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Kaptur pushes for progress in Asian carp plan
Toledo Democrat Kaptur wants to see rapid adoption of Army Corps plan to keep invasive carp out of the Great Lakes

Reporter / Host
Jeff St. Clair
Rep. Marcy Kaptur (D-Toledo) addresses audience members at a public meeting at the Cleveland Public Library. Kaptur wants to work with the Army Corps of Engineers to quickly adopt a plan to keep the invasive fish from reaching the Great Lakes.
Courtesy of Jeff St.Clair
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In The Region:

The U.S. Army Corps of Engineers is laying out ideas for keeping Asian carp out of the Great Lakes in a series of public meetings this month.

During a three hour meeting last night at the Cleveland Public Library the Army Corp detailed options that range from simply maintaining the current barriers, to an $18 billion remake of the Chicago canal system.

WKSU’s Jeff St.Clair reports that stopping the invasive fish involves as much politics as engineering.

LISTEN: Marcy Kaptur on Asian carp politics

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Around 75 people listened last night as the Army Corps detailed the Great Lakes and Mississippi River Interbasin Study, a plan Congress forced them to finish and present to the public this month.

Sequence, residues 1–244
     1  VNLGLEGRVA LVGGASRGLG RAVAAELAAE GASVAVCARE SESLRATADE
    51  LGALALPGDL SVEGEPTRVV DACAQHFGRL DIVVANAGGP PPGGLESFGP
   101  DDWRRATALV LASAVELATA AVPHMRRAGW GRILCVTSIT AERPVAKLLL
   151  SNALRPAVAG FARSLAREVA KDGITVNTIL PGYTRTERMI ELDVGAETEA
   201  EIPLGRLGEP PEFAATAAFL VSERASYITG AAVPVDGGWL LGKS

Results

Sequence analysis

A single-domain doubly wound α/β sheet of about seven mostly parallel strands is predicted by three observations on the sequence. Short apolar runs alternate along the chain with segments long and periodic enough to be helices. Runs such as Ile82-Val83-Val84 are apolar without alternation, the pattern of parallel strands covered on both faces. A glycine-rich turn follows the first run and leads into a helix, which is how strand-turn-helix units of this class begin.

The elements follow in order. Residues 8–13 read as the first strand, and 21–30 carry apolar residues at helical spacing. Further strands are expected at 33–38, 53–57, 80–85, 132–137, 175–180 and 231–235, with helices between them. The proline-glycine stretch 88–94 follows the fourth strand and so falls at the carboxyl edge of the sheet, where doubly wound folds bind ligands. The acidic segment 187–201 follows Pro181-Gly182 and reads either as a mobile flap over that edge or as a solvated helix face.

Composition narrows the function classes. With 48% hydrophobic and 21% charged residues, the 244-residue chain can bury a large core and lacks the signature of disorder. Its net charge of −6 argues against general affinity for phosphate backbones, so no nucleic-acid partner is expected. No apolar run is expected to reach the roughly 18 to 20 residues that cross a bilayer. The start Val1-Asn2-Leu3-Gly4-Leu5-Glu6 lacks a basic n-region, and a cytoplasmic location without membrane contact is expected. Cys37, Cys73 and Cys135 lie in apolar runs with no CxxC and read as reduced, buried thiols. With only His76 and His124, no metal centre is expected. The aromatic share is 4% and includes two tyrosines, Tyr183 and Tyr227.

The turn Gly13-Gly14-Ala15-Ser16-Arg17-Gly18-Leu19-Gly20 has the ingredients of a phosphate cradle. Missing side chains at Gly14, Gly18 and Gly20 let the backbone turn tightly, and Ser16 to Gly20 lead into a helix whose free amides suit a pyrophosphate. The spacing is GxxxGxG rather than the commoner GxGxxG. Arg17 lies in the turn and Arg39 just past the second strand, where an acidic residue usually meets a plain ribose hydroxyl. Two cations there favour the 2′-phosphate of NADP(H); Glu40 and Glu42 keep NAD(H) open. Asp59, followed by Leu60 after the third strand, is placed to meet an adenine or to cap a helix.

The plan lays out eight options for stopping the two species of Asian carp that infest the Mississippi and it’s tributaries from crossing into the Great Lakes, and destroying Lake Erie’s $7 billion dollar fishing industry.

Toledo Representative Marcy Kaptur says the challenge is resolving the Asian carp threat without threatening Chicago’s vital shipping routes.

“Chicago is home of the futures market where all the grain trading occurs, where all the grain moves south, and so you’ve got this confluence of economic interests.  Meanwhile you’ve got this fish swimming up the Mississippi coming our way so we’ve got to figure out how to solve this economic and ecological problem together.”

Kaptur offered to help speed things up by bringing members of her Energy and Water Development subcommittee, and the House Water Resources Subcommittee headed by Ohio Republican Bob Gibbs to Chicago to meet with district Army Corps officers.

The public comment period on the plan ends March 3rd

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